But in the end, it was well worth it.
After shooting a 6-under 65 on Sunday in the Dub Ellis Invitational, Calvert watched Piedmont native and last year’s champion Jeremy McGatha tie him for the clubhouse lead in the championship flight. McGatha, who managed a 6-under 65 on Saturday, shot 1-under 70 on Sunday to tie him with Calvert at 135. That forced a sudden-death playoff back on the 18th tee.
On the playoff hole, Calvert pushed his tee shot right. It struck a tree branch and received a fortunate lie in the rough. McGatha was also right off the tee.
Both players smartly played their approaches in to the low side of the sloped 18th green. However, neither player reached the putting surface.
McGatha was first to go, and his birdie putt ran through four feet of fringe before finding smooth grass. McGatha marked his ball after it came to rest just inside three feet.
Calvert chipped straight at the stick from the fringe. His ball rolled to a stop a foot from the hole, where he tapped in for par, leaving things in McGatha’s hands.
McGatha’s putt caught the edge of the cup and lipped out, giving Calvert his first championship on the Cherokee County course.
“It was kind of tough sitting there for an hour waiting on everybody,” said Calvert, who is the general manager at the Boaz Country Club. “Trying to hit the first shot was a little nerve-wracking. I didn’t want to win it the way I won it on a missed putt, but I’ll take it.”
McGatha said in hindsight, when he left the ball short of the green, he should have chipped instead of putted.
“Usually I make some putts, but I missed a bunch of short ones,” said McGatha, who had won two of the last three invitational titles before Sunday. “Sometimes your bad putt is better than a decent chip, and I just tried to putt it. It was about 8-foot of fringe. It was ridiculously slow.”
“It’s disappointing. I wanted it for sure. I always do. I haven’t really won anything this year, and this was my last chance to defend a tournament. I fought hard, but just come up short.”
Calvert, who shot 1-under 70 on Saturday, said he had only played the Cherokee County course twice, and admitted it was his first victory “in a while.”
“It hasn’t sunk in. It’s still new,” he said. “I’ve lived in New Orleans for 28 years and I’ve been up in this area for the last 14. It’s a good feeling to get back into the game.”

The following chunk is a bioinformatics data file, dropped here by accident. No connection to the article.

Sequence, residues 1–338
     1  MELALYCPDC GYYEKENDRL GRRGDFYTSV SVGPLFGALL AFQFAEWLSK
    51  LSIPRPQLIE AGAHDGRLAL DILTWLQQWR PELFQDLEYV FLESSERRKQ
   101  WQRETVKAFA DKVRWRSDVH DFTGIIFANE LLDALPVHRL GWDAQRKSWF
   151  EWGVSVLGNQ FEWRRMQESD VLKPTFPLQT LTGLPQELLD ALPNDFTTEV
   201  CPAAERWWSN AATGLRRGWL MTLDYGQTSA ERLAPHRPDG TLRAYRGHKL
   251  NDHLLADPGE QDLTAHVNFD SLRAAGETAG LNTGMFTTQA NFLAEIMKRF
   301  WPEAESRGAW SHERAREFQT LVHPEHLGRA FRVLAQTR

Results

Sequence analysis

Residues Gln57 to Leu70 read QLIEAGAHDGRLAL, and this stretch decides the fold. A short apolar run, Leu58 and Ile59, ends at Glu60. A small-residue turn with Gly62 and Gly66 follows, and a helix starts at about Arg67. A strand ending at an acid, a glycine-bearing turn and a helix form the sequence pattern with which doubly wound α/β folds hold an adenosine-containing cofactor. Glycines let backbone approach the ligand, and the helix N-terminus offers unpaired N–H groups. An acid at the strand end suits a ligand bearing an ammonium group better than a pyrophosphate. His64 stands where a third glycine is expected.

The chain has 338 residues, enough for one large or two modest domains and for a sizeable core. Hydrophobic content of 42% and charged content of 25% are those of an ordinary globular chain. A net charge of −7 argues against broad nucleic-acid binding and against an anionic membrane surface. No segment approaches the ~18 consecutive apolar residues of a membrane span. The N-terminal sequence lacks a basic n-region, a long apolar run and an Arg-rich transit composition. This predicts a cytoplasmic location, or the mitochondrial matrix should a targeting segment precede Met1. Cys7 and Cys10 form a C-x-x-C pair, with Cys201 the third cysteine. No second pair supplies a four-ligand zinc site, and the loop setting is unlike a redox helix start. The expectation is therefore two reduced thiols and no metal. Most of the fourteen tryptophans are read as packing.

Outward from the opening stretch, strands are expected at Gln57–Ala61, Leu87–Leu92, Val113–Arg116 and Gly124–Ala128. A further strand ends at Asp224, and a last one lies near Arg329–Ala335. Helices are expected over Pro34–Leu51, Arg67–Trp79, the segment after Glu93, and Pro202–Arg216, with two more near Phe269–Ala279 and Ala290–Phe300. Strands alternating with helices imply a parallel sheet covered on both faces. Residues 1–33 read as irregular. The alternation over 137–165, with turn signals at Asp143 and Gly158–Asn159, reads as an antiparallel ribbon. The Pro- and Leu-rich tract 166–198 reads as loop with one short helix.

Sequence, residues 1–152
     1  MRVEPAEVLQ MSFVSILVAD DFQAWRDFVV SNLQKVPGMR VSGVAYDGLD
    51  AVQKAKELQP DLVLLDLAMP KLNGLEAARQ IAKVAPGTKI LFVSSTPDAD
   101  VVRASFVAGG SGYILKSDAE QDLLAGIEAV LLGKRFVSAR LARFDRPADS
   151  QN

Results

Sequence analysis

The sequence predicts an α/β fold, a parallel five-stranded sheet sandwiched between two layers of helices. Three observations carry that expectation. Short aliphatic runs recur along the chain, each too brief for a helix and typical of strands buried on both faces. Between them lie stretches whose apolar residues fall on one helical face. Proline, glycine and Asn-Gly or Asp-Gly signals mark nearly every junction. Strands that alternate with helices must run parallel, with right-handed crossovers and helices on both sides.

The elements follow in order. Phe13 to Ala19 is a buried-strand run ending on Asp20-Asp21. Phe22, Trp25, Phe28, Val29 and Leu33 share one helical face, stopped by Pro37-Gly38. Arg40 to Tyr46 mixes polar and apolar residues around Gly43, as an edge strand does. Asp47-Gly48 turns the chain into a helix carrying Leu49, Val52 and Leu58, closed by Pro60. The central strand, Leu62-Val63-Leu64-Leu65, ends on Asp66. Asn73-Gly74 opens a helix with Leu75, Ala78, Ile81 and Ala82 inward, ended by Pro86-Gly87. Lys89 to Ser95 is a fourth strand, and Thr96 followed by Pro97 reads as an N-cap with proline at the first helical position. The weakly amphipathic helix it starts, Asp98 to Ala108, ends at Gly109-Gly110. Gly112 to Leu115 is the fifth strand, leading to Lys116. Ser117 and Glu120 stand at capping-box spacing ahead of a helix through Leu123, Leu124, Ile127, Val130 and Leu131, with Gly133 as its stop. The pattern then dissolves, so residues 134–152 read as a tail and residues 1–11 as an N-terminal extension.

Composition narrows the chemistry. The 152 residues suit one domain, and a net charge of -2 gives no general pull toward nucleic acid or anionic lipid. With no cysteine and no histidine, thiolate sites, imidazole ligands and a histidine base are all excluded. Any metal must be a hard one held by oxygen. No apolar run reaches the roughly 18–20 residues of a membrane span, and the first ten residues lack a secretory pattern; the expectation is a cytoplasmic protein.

Jeremy Willis took third place in the championship flight with a two-day total of 136 (69, 67). Skylar Dennis and Austin Henderson tied for fourth at 138.
Jake Minnix claimed the first flight after firing a two-day total 140 (71, 69). Mark Jason Green came in second at 142 (74, 68). Clay Stephenson was third at 144 (73, 71) and Lee Morgan took fourth at 146 (75, 71).
Taking the second fight was Jeremy Rieger, who shot a two-day total 147 (77, 70) and won over runner-up Kim Nichols (76, 71). Keith Randall was third at 149 (77, 72). Mike Granato came in fourth at 150 (76, 74).
Scotty Grimes won the third flight after a two-day total of 153 (79, 74). Mason Dennis finished a stroke back at 154 (79, 75). Jonathan Harris took third at 155 (80, 75). Clay Jones claimed fourth at 156 (80, 76).
Brad Coley claimed the fourth flight at 164 (86, 78). Shawn Snow came in second at 166 (86, 80), followed by Ricky Hairston in third at 166 (85, 81) and Terrance Turner in fourth at 169 (84, 85).
“It was a successful tournament,” club manager Steve Baker said. “It was the most competitive championship flight we’ve had in years. Scores went from 64 to 70. We had 18 people shoot under par the first day of the tournament. We had 110 golfers (play both days), and 125 signed up. We only lost 15 because of the weather. Considering our conditions, it was a great tournament.”
Baker gave his appreciation for the country club staff for their help in hosting the event.
“The past two days have been a lot of work on everybody,” he said. “Jake Minnix in the pro shop, Amber McFry and Angela Nichols are the people who helped. David Garrett has done a tremendous job on the course. It’s in great condition. We probably had two inches of rain, and the course held up great. It speaks very highly of David and his crew.”